What are some ways that you’ve pulled yourself out of a reading burnout? Let me know in the comments below. If you want to recommend a book to help me out of this reading rut, you can fill out the survey here. You can check out my Goodreads for some inspiration here if you’re in the same boat. Who knows, you might some inspiration!

Goodreads: Challenge Accepted

A new year is dawning tomorrow, full of new promises and exciting experiences. Like most people stepping into the new year, I have goals for my 2020 self. One of the goals on my list has to do with one of the most popular reading sites: Goodreads. I’ve done their yearly reading challenge for the past three years. While the first year wasn’t a success, for the past two attempts I’ve been over my book goal. This year I’ve read 35 books and my goal was only 30! 

I want to use this momentum to go into the new year with my 2020 goal. I want to read 40 books by December 31st, 2020. While this is only five more books than what I read this year, it feels like a strangely overwhelming amount of books. It’s odd, because when I was little I could knock out 40 books like it was nothing. Now, with my job and the distracting pull of the internet, it feels almost impossible. However, when I do the math it adds up to about 3 books a month, plus a few extra here-and-there. That, readers, is a great way to make your goals more attainable. Narrowing it down to a month-by-month basis has helped me accomplish my reading goals, so it might help you accomplish yours as well!

Another way I’ve helped set myself up for success is the “want to read” list on Goodreads. When I’ve reread my yearly novels and am out of ideas, I can consult that list and find some great stories to check out. Last year I had it pulled up every time I went into the library for inspiration. I can also keep track of the books coming out this year that I want to read. I would’ve forgotten the release date of Maureen Johnson’s new book if it wasn’t a part of my list! I can also use it to vett what I want to read, so that I don’t waste my time with books that I end up putting down. 

However, I’ve thrown a wrench into this plan that makes it a bit more difficult. I want at least five of the 40 books I’m going to read to be either non-fiction or classic literature. I don’t think that the classic literature challenge will be that difficult, but the non-fiction side of this challenge makes me nervous. Since I could read, I’ve been a fiction-obsessed reader who rarely dips her toe into the non-fiction world. Non-fiction can be fun, but the writing style of most novels in that genre make me want to slam my head on a table. I’m hoping that this challenge will remind me that there is a good side to non-fiction, and maybe even find some books that I want to reread in the future.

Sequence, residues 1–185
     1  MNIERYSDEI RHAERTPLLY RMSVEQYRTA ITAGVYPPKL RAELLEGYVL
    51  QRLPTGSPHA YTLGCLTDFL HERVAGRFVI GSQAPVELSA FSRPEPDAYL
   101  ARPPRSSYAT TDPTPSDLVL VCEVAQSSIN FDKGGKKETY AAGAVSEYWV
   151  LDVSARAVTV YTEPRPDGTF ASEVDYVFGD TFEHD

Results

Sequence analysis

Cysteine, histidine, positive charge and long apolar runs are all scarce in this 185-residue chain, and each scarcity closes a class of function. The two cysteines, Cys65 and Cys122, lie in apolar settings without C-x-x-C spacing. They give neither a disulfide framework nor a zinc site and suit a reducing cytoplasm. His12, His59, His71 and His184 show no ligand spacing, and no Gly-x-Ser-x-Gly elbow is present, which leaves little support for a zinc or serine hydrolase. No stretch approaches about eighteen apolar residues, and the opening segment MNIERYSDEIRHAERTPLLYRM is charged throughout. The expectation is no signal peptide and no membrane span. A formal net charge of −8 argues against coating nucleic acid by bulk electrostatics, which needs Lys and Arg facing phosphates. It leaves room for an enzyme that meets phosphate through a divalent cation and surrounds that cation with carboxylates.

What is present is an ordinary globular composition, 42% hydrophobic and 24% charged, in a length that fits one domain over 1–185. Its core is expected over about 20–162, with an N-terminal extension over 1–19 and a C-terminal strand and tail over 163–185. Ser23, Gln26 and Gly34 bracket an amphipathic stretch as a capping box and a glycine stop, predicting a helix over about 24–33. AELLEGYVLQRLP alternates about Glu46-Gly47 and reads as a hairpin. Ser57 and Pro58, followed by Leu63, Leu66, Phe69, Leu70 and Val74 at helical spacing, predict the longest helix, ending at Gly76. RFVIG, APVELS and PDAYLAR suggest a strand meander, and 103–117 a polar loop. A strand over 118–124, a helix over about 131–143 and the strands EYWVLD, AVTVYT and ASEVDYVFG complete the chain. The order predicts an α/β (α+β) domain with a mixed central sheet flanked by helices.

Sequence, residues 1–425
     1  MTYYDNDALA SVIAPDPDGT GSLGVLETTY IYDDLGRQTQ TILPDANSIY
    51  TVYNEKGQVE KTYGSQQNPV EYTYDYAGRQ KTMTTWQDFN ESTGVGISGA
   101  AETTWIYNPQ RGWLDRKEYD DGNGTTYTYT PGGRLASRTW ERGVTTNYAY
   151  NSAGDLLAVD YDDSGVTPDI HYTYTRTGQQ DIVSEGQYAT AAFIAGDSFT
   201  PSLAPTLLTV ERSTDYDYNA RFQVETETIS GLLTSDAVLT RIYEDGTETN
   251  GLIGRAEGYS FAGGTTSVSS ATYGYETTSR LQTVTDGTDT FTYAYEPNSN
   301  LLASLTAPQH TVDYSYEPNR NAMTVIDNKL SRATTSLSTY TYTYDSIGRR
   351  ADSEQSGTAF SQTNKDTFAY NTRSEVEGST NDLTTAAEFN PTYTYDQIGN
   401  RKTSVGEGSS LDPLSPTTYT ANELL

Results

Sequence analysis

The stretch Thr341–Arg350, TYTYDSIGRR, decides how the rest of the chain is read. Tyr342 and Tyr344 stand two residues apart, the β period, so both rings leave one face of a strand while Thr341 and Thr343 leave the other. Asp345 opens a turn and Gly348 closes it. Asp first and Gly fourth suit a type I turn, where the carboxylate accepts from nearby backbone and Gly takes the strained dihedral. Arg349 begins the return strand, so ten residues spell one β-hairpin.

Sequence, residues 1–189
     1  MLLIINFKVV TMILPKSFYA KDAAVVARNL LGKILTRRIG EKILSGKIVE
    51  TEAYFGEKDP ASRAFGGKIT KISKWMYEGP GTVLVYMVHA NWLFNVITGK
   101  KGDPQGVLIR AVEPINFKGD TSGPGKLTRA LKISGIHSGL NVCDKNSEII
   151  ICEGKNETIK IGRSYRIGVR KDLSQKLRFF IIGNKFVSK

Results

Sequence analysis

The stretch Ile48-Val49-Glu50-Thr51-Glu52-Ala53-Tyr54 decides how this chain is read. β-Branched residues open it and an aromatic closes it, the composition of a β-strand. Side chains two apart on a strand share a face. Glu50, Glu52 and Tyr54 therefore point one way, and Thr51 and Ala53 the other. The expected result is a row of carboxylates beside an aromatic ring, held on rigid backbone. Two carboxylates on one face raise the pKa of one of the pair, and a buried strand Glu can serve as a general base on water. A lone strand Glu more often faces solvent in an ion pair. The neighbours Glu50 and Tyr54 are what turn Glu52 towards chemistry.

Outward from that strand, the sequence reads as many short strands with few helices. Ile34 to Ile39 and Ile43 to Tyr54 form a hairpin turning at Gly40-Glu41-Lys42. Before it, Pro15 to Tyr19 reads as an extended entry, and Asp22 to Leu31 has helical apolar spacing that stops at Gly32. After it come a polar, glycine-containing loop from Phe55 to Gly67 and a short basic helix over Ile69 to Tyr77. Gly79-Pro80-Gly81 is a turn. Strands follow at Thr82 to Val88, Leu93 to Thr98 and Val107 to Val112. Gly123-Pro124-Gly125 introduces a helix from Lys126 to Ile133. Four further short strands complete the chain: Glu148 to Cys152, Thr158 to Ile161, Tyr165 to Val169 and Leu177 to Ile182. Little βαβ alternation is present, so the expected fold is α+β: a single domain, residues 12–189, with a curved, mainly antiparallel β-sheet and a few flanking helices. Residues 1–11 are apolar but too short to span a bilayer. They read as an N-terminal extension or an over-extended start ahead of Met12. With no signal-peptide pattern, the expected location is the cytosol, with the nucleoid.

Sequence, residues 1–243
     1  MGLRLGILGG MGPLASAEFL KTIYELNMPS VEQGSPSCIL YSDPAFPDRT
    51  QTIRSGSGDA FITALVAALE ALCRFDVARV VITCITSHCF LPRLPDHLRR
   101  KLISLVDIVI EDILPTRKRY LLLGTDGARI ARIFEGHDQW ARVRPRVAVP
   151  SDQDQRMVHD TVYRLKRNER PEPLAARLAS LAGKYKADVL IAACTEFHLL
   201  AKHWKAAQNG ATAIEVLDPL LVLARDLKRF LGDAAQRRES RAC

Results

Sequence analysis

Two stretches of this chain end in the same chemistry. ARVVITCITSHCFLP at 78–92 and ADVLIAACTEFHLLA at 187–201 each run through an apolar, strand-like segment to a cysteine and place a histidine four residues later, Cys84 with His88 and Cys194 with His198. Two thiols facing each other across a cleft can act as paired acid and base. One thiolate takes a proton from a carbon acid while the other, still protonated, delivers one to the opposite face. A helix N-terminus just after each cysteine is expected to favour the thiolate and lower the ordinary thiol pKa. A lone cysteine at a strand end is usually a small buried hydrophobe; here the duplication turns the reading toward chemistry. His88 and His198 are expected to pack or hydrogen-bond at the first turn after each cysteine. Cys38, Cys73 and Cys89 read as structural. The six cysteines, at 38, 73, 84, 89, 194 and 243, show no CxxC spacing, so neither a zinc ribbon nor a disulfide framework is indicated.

The books are piling up in my mind, and my “want to read” list is rapidly growing. With that in mind, I have a feeling I’ll be sipping champagne and thumbing through a book when the clock strikes twelve. What are your reading goals for 2020? Are there new books you want to read, or old ones you’ve been meaning to read again? Let me know in the comments below! If you have any book recommendations for me to check out in 2020, you can fill out the survey found here. Happy New Year everyone!

A Love Letter to the Kindle

The times of hectic holiday travel and leaving at least one thing at the hotel are among us. With all those stressful but fun scenarios to work through, a book lover is left scrambling to keep up with their books.  Being a book fanatic for as long as I can remember, I have struggled with holding onto all of my books during the holiday season. My mom often found books all over the house, in the car, and of course on the floor of the hotel room seconds before we checked out. Cramming the car with fifteen books was not something my parents wanted to continue in the future. So, when the Kindle hit the market, two were beautifully wrapped under our tree on Christmas morning.

Though it has been out for a while and we’ve seen many different iterations, I’m still amazed by how many books I can cram onto that device. I still love reading physical books as much as the next reader, but my Kindle has been a lifesaver more than once. Firstly, I can fit it in my purse and magically still have room for my plethora of odds-and-ends. Since I don’t have Hermione’s bottomless purse or Mary Poppin’s carpet bag, fitting one hundred and thirty books into my purse would be impossible without it. Sure, I don’t need to read all of them at once but having the option to reread any book I choose whenever I want is awesome! Also, I live in a tiny apartment where bookshelf space is scarce and carefully curated. Buying only physical books would result in my apartment turning into a swimming pool made of novels.

I’ve been very lucky in life and have been able to travel to some amazing places. On those seven-hour drives to the beach or flights abroad, my Kindle has been a wonderful companion. Stuck in the airport after already finishing your book because you read way too fast? Congrats, you’ve got a gazillion other options to choose from! As long as you have access to wifi and an Amazon password, the possibilities are endless. Also, some Kindle books can be cheaper than the books they sell in the airport, so it’s more efficient to hop onto Amazon for a new book and download it onto your device. I remember being stuck on an eight-hour flight with no urge to watch movies and a fully charged Kindle at the ready. I blazed through Harry Potter and Sorcerer’s Stone and hopped over to reread a specific scene from another novel. I tend to get an intense urge to read certain scenes in books after I’ve read them the first few times, so being able to go straight to the chapter without having to thumb through pages is great.